The original equation is: V'' - k*V^-1/2 = 0 I then said u = V' therefore u' = u(du/dV) so the new equation is : u(du/dV) = V^-1/2*k Im a little rusty on separation of variables but I got a u in the final answer which means I have to integrate again since I need the final answer in terms of V. The goal is to prove k is proportional to V^3/2 Am i doing this right?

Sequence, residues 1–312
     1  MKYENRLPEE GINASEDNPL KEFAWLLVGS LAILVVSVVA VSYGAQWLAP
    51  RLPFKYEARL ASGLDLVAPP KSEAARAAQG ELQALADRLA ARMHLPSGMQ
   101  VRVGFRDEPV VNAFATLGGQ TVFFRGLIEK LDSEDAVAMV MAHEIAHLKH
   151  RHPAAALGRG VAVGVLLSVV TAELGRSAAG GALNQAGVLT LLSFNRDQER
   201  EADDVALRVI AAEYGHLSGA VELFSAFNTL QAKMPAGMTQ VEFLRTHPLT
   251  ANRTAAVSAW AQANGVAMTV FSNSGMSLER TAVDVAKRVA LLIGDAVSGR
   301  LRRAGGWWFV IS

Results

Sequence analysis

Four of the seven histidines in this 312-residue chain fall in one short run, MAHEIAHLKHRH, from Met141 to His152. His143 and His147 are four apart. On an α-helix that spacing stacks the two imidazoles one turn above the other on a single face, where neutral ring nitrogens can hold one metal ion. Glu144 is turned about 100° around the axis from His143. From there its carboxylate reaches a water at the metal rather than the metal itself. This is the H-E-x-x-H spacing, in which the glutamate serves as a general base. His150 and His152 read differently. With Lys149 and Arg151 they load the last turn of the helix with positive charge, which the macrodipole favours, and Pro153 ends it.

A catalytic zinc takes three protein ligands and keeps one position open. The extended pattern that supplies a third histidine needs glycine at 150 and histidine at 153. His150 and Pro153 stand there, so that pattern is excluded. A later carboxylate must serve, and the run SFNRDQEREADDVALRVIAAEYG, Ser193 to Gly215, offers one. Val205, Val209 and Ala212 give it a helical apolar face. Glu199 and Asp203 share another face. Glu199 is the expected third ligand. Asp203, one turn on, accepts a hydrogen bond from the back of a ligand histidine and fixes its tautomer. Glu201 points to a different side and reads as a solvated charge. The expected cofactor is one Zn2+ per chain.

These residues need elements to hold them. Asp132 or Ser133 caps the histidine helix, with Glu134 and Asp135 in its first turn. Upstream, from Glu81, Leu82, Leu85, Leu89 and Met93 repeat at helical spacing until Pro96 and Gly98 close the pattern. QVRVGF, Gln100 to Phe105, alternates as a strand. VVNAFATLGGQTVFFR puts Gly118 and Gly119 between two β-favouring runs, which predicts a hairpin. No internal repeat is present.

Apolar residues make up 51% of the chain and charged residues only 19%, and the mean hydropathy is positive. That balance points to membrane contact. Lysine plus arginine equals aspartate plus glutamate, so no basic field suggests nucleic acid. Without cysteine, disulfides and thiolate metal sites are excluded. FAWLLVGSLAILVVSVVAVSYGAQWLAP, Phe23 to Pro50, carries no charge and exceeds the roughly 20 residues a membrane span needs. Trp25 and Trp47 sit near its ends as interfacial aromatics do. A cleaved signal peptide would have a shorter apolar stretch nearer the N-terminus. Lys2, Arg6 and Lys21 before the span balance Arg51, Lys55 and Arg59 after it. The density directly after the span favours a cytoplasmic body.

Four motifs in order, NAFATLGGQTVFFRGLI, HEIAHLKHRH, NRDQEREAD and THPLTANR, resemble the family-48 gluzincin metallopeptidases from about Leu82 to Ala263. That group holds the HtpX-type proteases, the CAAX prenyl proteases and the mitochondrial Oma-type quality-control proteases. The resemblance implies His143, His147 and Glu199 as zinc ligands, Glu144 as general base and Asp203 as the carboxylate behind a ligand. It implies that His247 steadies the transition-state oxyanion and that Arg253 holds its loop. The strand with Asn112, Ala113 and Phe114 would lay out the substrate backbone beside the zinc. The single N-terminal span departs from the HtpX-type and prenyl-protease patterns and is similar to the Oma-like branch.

That's a common way to do it and you're left with: [tex]u^2=4k\sqrt{v}+c[/tex] or: [tex]\left(\frac{dv}{dt}\right)^2=4k\sqrt{v}+c[/tex] taking square roots, separate variable again and get: [tex]\frac{dv}{\sqrt{4k\sqrt{v}+c}}=\pm dt[/tex] That however looks kinda' messy to integrate although Mathematica gives a nice expression for the left side but then you get an implicit expression for v in terms of t: [tex]g(v)=\pm(t+c_2)[/tex] which is not solvable explicitly for v(t). Doesn't look like it anyway.